I was sent this from another list I belong to. I find it to be important
and well said. Please don't credit me for the article. Thanks for
A message on the Internet caught my eye the other day and I
can't get it out of my mind. A West Coast genealogist had been exchanging
information with a researcher in Virginia for some time. Then it
last message bounced -- it couldn't be delivered as the address no longer
existed. Fortunately she had received a number of family group sheets
from her correspondent which listed a telephone number. When she called
number a man answered, so she asked for her Internet friend and, after a
slight hesitation was told, "Oh, Mary Ann passed away three weeks ago."
Shocked, but ever gracious, she expressed her sympathy and commented how
close this long-distance relationship had become and how it will be
missed by her. The husband explained that he was sorry that he couldn't
be of any help because he really didn't know much about what his wife was
doing with her genealogy.
Perhaps you too have noticed at genealogical gatherings that
the average age of the participants is something in excess of 39 years,
at least judging by hair color. Most of us really don't have a lot of
time to devote to our hobby until after the kids are grown, out of school
and we've retired. Then it is no longer a hobby, it becomes an obsession.
At some point in our continuous search for dead people, our ancestors, we
recognize our own mortality and start to think about a permanent home for
our research. If our children or grandchildren appear to be interested,
we have it made, but frequently that's not the case. Then what happens to
Genealogists are usually pretty smart people, until it comes
to providing for the distribution of their genealogical assets. The
latter, in my case anyway, is a room full of books, journals, magazines,
maps, photographs, brochures, newsletters, computer equipment and
furniture (desk, chairs, file cabinets, tables, lamps, etc.). The files
are loaded with folders bearing family and town names, historic events,
and a bunch labeled
"MISC." There are miles of computer printouts, hundreds of photocopies,
and many "original" vital records. My desk is usually loaded with
correspondence awaiting an answer -- either mine or from someone else.
What should my
wife do with all this stuff when I make the ultimate research trip -- a
personal meeting with my ancestors?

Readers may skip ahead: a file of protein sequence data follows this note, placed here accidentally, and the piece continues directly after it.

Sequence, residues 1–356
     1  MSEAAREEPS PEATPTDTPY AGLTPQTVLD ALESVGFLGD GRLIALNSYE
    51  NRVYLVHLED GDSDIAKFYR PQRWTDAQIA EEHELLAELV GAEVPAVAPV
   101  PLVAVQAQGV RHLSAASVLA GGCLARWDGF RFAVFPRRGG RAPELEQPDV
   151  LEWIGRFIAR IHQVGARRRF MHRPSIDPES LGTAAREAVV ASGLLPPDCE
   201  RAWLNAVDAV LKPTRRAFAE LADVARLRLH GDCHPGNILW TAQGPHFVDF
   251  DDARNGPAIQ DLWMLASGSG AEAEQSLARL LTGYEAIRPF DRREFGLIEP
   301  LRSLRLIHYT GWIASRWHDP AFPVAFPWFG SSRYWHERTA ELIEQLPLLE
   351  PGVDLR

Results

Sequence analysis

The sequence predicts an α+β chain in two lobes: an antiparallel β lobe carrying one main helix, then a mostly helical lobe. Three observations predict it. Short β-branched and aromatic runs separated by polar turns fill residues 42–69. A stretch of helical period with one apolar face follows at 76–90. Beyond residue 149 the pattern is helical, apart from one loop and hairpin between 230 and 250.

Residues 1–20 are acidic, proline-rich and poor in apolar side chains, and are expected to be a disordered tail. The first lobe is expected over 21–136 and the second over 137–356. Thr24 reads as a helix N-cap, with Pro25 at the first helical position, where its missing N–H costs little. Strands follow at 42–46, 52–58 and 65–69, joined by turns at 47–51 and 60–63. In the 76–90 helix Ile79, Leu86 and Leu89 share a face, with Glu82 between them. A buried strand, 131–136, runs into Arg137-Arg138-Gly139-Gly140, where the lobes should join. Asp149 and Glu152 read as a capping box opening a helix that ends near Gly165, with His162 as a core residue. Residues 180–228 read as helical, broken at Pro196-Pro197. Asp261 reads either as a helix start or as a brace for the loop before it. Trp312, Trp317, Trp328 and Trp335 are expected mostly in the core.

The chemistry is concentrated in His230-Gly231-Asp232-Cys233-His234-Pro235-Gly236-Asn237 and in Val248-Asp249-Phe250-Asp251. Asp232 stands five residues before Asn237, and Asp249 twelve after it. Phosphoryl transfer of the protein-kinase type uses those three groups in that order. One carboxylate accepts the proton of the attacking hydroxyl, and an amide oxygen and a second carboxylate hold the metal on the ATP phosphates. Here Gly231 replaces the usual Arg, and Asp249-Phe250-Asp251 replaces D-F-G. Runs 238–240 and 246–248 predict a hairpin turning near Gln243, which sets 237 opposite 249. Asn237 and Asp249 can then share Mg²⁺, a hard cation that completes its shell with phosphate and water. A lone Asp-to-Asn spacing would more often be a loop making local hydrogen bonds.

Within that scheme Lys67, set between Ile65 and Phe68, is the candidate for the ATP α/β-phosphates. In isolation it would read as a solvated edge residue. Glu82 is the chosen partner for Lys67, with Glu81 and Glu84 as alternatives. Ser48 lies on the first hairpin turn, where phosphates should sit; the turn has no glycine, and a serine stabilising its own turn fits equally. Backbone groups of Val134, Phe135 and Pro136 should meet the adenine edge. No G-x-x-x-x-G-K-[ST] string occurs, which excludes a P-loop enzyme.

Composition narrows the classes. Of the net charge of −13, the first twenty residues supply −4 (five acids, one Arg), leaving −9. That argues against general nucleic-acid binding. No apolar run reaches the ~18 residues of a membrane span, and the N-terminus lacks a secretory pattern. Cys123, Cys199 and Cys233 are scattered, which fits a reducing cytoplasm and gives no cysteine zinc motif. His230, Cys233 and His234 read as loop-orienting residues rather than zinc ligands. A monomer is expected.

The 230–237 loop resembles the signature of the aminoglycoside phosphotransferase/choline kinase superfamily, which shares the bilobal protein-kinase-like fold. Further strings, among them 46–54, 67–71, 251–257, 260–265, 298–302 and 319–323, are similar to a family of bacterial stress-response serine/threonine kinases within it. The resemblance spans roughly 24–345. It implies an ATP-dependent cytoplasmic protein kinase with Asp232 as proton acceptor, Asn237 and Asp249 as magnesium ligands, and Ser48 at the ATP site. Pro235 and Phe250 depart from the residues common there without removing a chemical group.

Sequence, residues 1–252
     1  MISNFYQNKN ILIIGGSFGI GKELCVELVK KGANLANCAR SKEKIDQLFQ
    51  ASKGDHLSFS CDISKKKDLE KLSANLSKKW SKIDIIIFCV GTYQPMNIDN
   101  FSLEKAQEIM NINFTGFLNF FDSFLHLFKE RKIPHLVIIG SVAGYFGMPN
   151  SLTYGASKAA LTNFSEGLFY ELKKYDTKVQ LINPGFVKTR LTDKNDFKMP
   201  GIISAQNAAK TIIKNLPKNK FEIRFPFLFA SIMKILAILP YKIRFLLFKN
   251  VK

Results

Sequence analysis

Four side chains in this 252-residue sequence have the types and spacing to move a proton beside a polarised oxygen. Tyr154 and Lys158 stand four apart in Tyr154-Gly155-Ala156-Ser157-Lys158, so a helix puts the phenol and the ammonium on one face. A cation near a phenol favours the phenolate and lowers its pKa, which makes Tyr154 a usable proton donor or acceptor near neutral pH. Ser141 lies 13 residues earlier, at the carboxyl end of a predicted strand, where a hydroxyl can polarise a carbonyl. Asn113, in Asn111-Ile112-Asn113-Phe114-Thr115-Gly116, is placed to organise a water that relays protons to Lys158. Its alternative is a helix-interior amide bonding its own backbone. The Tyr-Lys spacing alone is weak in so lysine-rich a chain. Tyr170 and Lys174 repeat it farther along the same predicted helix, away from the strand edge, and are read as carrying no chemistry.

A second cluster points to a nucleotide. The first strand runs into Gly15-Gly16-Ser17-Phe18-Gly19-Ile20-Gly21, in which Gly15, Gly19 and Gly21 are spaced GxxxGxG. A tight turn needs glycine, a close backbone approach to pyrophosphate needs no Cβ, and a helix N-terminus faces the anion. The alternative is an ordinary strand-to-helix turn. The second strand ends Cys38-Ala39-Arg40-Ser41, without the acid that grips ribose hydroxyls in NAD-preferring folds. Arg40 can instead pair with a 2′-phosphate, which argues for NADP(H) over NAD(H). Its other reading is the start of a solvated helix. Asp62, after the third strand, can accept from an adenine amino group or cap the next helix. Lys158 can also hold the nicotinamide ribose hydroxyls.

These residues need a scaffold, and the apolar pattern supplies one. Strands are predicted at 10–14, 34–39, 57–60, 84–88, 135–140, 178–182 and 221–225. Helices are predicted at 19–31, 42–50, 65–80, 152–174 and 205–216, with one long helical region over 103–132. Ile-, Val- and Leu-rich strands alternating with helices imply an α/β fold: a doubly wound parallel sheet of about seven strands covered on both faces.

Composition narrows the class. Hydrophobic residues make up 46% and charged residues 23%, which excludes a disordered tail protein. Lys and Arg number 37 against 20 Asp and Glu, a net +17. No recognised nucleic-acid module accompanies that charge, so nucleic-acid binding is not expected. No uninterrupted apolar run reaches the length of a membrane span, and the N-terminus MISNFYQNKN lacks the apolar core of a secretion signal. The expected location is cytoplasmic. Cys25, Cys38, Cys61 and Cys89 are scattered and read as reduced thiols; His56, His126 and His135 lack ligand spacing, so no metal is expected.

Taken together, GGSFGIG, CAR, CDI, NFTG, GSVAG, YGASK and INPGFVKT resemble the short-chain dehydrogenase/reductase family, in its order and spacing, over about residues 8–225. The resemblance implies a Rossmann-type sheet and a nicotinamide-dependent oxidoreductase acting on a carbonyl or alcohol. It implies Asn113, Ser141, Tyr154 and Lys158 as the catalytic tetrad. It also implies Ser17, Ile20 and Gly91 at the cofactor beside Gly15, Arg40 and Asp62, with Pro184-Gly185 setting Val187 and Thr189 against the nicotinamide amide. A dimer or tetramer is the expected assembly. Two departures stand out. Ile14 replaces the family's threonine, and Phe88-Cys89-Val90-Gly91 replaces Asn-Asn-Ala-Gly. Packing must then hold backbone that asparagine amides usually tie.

Some of our brighter colleagues say "My college library is
getting all my stuff" or it's going to the local public library or to the
LDS Family History Library in Salt Lake City or even to the Library of
Congress. Well, I hate to be the one to tell you this, but unless you are
a celebrity or a huge financial donor, these institutions probably won't
want your material-- they just don't have room for it. They would be
grateful for a copy of your book, but they might not want the manuscript
or research notes. The FHL would appreciate a GEDCOM disk of your
genealogy database files, but it doesn't want your paper pedigree charts
or family group sheets.
So what are your spouse and children to do with all of your
stuff? They could really do a couple of dumb things with it if you don't
provide guidance to them while you still can. It could be placed in the
weekly trash collection and don't say "They wouldn't do that" because
unfortunately happens all the time. How about a garage sale? Now that is
really scary, but it also happens every day. Remember all those old
photos and tintypes you have seen in flea markets? How about all those
bargain genealogy books you bought because you got to that garage sale
before the dealers did? They all had to come from someplace.
What should you do to insure the sane distribution of your
genealogical assets? Perhaps the first thing is to make a record of what
you have and then try to keep it current. Show the acquisition date and
you paid for each item on the inventory sheets. This is especially
helpful for artifacts, collections, and books. A photographic record of